gully-gushing bent-tin gutters;
funeral procession through the murk,
tinted windows, veils, shadows lurk;
cedar, birch, ash, and oak,
brick and mortar, glass and smoke;
clouds and grays and mists and rains,
decaying leaves and shattered panes;
she walked here, each day, along this road
from nowhere to nowhere—twelve years old;
mortician smiling behind a cadaver
as if he is glad, at last, to have her;
buried in her flashy fuchsia dress
with a woman’s blush, a little girl’s tress;
soft satin inlay within the coffin
and the bow in her hair that she wore often;
sonorous sermons to come to terms
and hard mahogany to hold off the worms.

Bland Bones

An unapologetic rebuttal to the praise of Maggie Smith’s poem “Good Bones” and, generally speaking, the poetry publishing world at large.

Life is too short for
flavorless poems
a dime a thousand, ill-advised
and to be kept from children
lest they prematurely age into
cynics, or worse,
instagram poets.
The published poetry world is at least
fifty percent terrible,
and that is not a
culture-vulture’s estimate.
For every such Aryan-Carrion bird
there is a
hundred bones to be picked at
by the more modern among us.
For every adored confessional poem, I confess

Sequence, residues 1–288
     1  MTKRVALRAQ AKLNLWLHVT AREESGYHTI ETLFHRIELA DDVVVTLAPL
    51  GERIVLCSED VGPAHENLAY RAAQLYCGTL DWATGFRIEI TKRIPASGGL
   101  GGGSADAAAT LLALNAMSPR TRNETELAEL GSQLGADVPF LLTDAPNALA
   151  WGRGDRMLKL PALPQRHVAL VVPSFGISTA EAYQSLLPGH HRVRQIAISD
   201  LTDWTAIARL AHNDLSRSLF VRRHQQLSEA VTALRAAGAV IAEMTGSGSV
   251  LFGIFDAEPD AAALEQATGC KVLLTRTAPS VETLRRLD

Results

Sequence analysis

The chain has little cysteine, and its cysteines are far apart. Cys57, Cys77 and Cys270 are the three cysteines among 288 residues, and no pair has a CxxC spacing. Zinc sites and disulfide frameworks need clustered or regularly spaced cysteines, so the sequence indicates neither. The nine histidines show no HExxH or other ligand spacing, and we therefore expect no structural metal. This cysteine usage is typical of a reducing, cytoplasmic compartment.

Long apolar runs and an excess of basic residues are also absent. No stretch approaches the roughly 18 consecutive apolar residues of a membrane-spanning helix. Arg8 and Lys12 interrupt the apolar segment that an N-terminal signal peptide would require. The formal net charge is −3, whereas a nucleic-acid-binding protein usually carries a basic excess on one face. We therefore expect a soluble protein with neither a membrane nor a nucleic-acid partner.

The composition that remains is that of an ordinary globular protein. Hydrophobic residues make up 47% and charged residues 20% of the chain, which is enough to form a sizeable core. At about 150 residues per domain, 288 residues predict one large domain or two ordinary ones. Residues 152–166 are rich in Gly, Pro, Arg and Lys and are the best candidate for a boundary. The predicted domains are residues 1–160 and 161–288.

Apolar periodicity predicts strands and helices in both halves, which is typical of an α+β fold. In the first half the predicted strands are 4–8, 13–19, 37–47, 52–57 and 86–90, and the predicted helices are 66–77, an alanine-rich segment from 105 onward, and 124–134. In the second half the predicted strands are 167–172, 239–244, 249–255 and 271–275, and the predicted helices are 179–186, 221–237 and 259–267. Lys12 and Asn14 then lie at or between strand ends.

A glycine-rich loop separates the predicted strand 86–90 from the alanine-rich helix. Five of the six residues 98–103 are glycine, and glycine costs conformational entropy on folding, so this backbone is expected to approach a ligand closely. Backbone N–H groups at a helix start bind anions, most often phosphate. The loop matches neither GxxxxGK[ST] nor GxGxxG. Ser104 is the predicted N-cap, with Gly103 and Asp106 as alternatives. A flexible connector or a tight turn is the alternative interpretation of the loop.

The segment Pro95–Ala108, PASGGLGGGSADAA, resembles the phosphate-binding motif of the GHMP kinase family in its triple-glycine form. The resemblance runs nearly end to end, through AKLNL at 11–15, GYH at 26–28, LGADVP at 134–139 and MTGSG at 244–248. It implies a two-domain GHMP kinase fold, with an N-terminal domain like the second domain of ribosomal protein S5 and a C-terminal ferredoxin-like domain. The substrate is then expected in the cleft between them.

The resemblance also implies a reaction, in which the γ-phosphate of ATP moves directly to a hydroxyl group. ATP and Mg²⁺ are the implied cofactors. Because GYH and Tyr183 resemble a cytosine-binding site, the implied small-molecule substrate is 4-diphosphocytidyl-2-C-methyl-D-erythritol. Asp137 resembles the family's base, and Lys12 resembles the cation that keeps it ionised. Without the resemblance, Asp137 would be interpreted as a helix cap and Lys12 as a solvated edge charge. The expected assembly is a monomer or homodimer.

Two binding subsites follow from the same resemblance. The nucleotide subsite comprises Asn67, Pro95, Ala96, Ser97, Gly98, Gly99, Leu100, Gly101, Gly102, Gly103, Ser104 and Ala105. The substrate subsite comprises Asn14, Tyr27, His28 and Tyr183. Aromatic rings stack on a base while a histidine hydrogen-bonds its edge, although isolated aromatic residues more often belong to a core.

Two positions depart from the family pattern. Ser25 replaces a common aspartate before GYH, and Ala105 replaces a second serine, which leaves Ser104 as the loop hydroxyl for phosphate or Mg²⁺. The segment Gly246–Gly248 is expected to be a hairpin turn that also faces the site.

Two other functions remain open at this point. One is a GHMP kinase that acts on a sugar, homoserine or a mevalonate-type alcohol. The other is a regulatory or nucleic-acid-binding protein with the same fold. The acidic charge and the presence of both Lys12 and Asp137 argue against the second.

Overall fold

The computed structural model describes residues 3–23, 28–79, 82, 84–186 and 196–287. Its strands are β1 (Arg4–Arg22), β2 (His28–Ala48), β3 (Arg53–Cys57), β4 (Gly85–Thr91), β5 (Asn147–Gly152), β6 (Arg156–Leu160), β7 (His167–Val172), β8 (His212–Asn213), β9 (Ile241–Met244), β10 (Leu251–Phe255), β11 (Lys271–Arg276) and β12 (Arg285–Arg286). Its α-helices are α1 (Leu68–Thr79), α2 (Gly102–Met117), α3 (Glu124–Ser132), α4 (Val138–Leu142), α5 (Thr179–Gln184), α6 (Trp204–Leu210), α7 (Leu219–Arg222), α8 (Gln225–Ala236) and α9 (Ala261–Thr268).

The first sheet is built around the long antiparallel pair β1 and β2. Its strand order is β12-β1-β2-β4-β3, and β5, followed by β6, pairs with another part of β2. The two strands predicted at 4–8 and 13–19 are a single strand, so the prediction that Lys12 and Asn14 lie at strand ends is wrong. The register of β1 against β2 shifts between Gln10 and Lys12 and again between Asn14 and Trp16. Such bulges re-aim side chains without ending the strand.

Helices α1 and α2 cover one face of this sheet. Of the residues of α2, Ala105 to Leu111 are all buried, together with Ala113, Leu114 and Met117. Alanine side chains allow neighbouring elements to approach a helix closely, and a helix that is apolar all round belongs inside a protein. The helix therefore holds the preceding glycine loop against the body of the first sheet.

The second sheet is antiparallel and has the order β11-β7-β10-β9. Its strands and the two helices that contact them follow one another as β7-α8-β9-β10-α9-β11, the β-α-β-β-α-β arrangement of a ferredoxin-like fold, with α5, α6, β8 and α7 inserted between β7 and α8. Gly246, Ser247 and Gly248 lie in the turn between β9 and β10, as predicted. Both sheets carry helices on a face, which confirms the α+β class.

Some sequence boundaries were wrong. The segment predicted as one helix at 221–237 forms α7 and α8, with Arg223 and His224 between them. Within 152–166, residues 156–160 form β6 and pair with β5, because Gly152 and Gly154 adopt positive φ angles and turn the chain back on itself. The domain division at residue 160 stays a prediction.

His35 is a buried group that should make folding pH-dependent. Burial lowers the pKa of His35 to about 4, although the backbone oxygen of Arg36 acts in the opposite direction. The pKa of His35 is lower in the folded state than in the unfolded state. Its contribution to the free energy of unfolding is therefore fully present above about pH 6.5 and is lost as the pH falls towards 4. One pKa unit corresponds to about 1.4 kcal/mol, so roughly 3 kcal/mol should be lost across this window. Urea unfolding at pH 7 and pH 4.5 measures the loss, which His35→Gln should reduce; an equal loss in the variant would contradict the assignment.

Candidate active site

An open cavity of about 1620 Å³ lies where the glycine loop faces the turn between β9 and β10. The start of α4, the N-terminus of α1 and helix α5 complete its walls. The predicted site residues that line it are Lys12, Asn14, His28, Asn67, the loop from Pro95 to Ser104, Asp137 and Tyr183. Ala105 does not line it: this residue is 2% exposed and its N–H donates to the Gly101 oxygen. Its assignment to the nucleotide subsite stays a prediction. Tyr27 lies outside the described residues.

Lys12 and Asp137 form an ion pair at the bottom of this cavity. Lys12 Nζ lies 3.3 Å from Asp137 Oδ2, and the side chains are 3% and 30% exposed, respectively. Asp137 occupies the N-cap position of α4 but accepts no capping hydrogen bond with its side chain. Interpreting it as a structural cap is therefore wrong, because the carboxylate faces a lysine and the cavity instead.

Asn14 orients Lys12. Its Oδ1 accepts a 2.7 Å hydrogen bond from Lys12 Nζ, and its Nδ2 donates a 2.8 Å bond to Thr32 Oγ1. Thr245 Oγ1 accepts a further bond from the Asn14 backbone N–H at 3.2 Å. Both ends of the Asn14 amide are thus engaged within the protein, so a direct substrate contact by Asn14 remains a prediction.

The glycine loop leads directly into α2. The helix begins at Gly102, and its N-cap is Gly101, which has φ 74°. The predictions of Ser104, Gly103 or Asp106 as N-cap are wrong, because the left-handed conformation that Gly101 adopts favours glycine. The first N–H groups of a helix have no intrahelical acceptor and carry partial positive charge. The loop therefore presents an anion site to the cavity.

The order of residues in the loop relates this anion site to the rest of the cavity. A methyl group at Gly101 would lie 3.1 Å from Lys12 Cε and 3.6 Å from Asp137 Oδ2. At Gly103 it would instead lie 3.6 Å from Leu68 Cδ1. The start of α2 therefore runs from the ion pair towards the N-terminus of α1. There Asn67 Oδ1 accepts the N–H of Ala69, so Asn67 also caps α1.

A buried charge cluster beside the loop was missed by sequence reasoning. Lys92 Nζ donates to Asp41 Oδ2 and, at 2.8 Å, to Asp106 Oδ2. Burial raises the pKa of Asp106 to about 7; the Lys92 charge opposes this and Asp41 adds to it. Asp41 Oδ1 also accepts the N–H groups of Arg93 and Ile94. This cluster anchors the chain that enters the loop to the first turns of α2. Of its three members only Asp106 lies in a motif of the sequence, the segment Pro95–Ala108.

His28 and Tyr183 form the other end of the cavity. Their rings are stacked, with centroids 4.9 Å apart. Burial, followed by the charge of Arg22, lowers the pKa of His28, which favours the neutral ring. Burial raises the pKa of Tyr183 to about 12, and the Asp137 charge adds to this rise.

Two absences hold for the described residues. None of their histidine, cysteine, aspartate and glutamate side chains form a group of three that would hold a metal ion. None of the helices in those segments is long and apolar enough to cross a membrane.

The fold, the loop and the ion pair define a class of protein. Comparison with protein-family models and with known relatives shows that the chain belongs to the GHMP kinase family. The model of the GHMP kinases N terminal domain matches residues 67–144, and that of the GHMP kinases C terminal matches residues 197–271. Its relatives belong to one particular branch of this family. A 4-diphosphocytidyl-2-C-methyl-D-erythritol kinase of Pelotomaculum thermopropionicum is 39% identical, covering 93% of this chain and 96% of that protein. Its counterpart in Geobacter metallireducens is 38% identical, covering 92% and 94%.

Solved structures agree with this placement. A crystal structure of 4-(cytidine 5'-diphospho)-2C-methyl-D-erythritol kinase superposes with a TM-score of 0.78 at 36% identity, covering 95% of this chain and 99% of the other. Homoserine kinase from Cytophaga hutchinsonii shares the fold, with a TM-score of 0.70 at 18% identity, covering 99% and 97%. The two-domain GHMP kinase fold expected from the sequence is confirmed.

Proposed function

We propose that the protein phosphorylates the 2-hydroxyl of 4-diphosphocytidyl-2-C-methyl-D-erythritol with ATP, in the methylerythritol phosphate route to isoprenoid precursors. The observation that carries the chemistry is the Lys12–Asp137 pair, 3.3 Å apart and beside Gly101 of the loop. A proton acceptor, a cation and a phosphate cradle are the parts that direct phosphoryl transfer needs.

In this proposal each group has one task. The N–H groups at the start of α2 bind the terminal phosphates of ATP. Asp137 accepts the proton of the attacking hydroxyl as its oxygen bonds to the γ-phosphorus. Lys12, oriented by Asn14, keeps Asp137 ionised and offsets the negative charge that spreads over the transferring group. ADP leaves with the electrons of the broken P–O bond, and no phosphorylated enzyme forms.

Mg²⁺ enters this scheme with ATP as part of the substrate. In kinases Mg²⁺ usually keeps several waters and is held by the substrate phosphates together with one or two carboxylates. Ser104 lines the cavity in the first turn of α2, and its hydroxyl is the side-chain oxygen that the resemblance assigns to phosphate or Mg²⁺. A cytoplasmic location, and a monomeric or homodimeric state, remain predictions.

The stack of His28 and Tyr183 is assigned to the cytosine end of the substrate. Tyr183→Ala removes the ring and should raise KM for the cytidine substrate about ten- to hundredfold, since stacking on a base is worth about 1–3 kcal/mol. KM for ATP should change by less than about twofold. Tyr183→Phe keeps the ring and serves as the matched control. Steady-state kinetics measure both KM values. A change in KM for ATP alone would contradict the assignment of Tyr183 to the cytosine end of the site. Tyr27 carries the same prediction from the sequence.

another mediocre poem
too many, sunken into its own
bland language, collapsing as it is
eaten up with terminal
osteoporosis. Life is short and
the poetic world is at least half
blandness, and for every trite poem
deified
in the collective consciousness,
there is a thousand that would
benefit from
humbling sobriety and
iconoclastic terrorists.
A kind stranger might do well to
break you
from your banal habit of beautification.
Nor can subversion save unremarkable
imagery or diction. It is not that
decay
is not beautiful,
such as any fragrant flower
wilting and dissolving into
perfume,
but that your perfume is nothing more than
vanilla extract
being celebrated by Lotus Eaters
who have forgotten, in this time of
accessibility excess,
the stress-test standards of
yesteryears,
and so deprive their children
of a world not sold to
cookie-cutter
suburban planning and
the lowest common denominator.
The poetic world is a real
shithole
and nothing about its
bland bones
could ever redeem the
dead pledge of its
mortgage rates,
even as pretentious publishing elites
lounge arrogantly alongside
Motel 6 swimming pools.
Just like in the realty market,
anyone can be a poet,
but that does not mean that
any of them know what they are
blathering about
while touring the downtown neighborhood,
nor does it prevent the next
market bubble
when all such propped-up poems
collapse under their own
oversold listing price.
Even if you can talk up
good bones
it does not mean that you
have a good foundation to start with.
It is, at best,
affordable housing
with a vista into your neighbor’s
backyard, which happens to be
identical to your own.
You could make this poem beautiful,
right?
No,
you would only make it
bland.